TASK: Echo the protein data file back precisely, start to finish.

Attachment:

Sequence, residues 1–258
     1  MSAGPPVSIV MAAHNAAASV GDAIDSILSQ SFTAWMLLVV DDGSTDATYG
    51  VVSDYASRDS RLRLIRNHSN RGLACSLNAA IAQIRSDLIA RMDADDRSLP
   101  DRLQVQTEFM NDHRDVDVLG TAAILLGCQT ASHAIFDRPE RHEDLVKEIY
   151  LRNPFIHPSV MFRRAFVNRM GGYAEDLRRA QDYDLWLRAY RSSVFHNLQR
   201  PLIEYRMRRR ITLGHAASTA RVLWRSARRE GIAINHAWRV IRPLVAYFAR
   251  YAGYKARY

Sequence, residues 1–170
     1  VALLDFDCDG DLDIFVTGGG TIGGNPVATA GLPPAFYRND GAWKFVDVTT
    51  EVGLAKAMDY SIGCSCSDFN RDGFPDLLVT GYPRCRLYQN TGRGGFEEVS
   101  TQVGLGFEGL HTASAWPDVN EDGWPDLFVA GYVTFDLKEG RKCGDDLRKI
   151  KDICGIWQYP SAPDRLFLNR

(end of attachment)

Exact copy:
Sequence, residues 1–258
     1  MSAGPPVSIV MAAHNAAASV GDAIDSILSQ SFTAWMLLVV DDGSTDATYG
    51  VVSDYASRDS RLRLIRNHSN RGLACSLNAA IAQIRSDLIA RMDADDRSLP
   101  DRLQVQTEFM NDHRDVDVLG TAAILLGCQT ASHAIFDRPE RHEDLVKEIY
   151  LRNPFIHPSV MFRRAFVNRM GGYAEDLRRA QDYDLWLRAY RSSVFHNLQR
   201  PLIEYRMRRR ITLGHAASTA RVLWRSARRE GIAINHAWRV IRPLVAYFAR
   251  YAGYKARY

Sequence, residues 1–170
     1  VALLDFDCDG DLDIFVTGGG TIGGNPVATA GLPPAFYRND GAWKFVDVTT
    51  EVGLAKAMDY SIGCSCSDFN RDGFPDLLVT GYPRCRLYQN TGRGGFEEVS
   101  TQVGLGFEGL HTASAWPDVN EDGWPDLFVA GYVTFDLKEG RKCGDDLRKI
   151  KDICGIWQYP SAPDRLFLNR